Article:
• What have you learned about yourself for being part of this project?

I’ve learned that singing high notes live is way different (laughs). When I first spoke to Adam Anders about my range I told him nothing over F. He smiled and said, “ok.” Next thing I know I’m singing G, a whole step higher. I was thinking if I couldn’t do it 8 shows a week that it was out of my range. Ah yes, the beauty of the studio.

  • You have also worked as a voice actor. How is it different to embody a character through just their voice vs. through all their facial expressions and body language?

It’s a lot harder. People think that just because you have a voice, that is a little left of normal, that voice-over work just falls in your lap. Ha! I wish. All you have to bring the role to life is your voice. So trust me, those that do it exclusively, are some of the hardest working people in the business.

  • Before you were an actor, you were an athlete. Does in any way your athletic career has influenced your process as an actor? 

Absolutely! Having been around many different types of people, it gave me an interesting pool of character to pull from. So when I’m developing a character I pull from most guys I played sports with. Or at least that’s where I’ll start.

  • Are there any other projects you are particularly excited about? 

None that I can talk about. But stay tuned.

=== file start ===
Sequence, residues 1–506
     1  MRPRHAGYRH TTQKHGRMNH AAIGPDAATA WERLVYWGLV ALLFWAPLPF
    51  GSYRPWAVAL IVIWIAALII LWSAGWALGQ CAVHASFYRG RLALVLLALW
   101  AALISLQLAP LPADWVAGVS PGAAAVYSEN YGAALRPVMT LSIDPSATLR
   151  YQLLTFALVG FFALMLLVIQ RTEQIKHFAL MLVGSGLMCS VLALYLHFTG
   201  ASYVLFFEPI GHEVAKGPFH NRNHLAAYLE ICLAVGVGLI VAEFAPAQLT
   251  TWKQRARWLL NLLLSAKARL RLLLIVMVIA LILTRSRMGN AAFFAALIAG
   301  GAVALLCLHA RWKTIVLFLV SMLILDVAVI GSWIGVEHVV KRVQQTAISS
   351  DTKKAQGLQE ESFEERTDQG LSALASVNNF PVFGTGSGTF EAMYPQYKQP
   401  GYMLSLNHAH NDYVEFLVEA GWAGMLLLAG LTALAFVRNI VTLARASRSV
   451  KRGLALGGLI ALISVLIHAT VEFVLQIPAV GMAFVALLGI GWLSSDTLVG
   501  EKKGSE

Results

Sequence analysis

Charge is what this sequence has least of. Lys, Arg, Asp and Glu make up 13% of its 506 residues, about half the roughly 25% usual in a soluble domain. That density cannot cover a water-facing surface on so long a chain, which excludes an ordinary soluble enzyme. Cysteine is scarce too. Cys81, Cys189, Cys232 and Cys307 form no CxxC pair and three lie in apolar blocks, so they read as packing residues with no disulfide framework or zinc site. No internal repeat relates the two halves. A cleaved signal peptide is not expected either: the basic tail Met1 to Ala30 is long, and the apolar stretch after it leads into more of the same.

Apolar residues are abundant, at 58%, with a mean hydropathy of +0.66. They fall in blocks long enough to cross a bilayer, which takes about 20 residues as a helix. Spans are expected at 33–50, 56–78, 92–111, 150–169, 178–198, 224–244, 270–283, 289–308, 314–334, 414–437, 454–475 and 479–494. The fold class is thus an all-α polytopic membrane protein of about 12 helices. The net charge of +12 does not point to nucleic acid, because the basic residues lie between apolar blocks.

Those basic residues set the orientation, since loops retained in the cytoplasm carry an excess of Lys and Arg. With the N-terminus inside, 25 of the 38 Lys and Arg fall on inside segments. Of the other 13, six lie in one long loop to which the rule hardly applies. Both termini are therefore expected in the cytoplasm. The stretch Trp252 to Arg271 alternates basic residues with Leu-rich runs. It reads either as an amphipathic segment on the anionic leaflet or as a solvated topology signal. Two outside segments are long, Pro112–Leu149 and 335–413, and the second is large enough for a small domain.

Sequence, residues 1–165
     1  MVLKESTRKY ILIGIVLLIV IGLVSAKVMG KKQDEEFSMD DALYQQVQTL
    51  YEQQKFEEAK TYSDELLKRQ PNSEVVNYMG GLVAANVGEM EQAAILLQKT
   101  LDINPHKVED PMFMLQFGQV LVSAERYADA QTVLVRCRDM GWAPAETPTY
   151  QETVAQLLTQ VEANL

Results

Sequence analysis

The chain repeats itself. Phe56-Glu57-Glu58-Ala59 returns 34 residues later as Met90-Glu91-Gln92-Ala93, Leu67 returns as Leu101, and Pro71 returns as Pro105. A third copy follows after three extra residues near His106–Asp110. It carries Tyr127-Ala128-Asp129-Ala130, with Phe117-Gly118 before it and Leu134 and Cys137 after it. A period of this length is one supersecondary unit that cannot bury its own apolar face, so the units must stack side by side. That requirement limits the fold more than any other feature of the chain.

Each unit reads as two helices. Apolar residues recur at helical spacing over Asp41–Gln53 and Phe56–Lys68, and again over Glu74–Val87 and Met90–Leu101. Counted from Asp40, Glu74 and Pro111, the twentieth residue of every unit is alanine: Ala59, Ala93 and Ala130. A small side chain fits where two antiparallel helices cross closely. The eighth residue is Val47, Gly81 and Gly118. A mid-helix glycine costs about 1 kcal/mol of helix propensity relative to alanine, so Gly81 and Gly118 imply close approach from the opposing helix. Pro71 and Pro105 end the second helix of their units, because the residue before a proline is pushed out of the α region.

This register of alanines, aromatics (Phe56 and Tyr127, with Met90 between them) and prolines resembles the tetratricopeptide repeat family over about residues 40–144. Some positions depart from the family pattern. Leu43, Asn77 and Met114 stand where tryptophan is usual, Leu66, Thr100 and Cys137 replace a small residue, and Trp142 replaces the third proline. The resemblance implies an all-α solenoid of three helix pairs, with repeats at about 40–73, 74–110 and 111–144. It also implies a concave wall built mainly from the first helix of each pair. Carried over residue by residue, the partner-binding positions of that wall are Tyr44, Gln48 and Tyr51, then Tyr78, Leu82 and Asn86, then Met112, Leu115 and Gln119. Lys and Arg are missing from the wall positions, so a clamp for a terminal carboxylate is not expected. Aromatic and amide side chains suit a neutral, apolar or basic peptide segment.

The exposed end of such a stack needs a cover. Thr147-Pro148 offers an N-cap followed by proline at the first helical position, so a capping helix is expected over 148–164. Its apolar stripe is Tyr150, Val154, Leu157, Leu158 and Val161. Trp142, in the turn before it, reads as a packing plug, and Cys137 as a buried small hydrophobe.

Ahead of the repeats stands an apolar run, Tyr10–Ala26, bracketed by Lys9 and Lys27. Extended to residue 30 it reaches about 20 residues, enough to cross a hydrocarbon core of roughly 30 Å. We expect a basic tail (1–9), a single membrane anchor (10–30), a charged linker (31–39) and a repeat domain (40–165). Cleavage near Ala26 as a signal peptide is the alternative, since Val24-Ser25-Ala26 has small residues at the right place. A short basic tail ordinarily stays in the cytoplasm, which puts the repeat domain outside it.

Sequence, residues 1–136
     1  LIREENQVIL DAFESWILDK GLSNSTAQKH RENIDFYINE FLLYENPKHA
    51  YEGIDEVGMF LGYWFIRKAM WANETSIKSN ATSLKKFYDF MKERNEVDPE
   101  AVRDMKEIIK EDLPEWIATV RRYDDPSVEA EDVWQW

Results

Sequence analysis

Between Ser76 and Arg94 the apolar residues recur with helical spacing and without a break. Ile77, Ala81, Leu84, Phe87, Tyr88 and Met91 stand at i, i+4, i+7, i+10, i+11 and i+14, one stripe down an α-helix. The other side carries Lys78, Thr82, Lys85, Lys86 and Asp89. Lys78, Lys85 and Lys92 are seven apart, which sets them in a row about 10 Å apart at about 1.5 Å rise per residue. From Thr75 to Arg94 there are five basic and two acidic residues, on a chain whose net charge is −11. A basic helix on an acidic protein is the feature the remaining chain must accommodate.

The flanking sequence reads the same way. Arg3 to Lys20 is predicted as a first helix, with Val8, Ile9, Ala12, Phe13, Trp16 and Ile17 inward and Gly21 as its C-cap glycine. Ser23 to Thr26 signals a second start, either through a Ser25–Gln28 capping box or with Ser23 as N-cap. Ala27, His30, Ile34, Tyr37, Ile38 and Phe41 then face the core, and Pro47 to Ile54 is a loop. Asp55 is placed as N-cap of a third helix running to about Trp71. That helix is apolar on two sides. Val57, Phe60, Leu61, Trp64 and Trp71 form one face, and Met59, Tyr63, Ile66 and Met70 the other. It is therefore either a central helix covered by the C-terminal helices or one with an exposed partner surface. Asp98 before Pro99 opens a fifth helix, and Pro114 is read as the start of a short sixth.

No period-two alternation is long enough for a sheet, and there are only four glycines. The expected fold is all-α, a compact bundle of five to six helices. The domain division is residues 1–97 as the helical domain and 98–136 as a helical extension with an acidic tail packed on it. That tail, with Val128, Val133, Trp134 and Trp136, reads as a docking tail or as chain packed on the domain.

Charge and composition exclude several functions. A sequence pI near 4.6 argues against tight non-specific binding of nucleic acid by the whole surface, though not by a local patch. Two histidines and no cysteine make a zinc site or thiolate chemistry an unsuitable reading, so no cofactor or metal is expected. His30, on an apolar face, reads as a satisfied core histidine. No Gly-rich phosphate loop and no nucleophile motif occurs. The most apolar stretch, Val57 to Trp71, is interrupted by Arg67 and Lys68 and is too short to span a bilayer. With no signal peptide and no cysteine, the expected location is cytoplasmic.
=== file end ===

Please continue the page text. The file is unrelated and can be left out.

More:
Photography by The Riker Brothers


  • How do your expectations to experience what you desire affects your existence? 

The same way it would affect anyone. The same way you as a journalist have the expectation that you’ll get the answers you need to complete your article. Everyone’s existence has a positive or result based on their expectations.


  • Are you involved in any charity organization or humanitarian cause you would like to mention?

I’m working with my own foundation called “Hold It On The Road.” I donate my time to talk with kids about making good decisions today that will have a positive effect in the future.


  • The spirit of The Hedonist Magazine is The Essence of a Joyful Living. How does Joy during the creative process affect your own experience and in consequence the final manifestation of your actions?

For me, everything seems to lineup. Everything in life has an order. I believe that when you’re doing something that you love and you’re putting love into it, it is the very thing that you get in return.

  • When you hear: “You can be, do and have anything you want,” words from the Abraham-Hicks teachings, what is your take on such a statement?

My take it simple. When you tell someone that, they tend to focus on the word anything. Immediately their mind goes to what they could possibly become. When in actual fact the most important word in the statement is want. A person might have the potential to become a doctor, lawyer or great leader. But having potential doesn’t mean you actually do anything. Potential energy is simply stored energy. You must first work out what it is you want. Then set up small steps that will get you there.
Header Photography by The Riker Brothers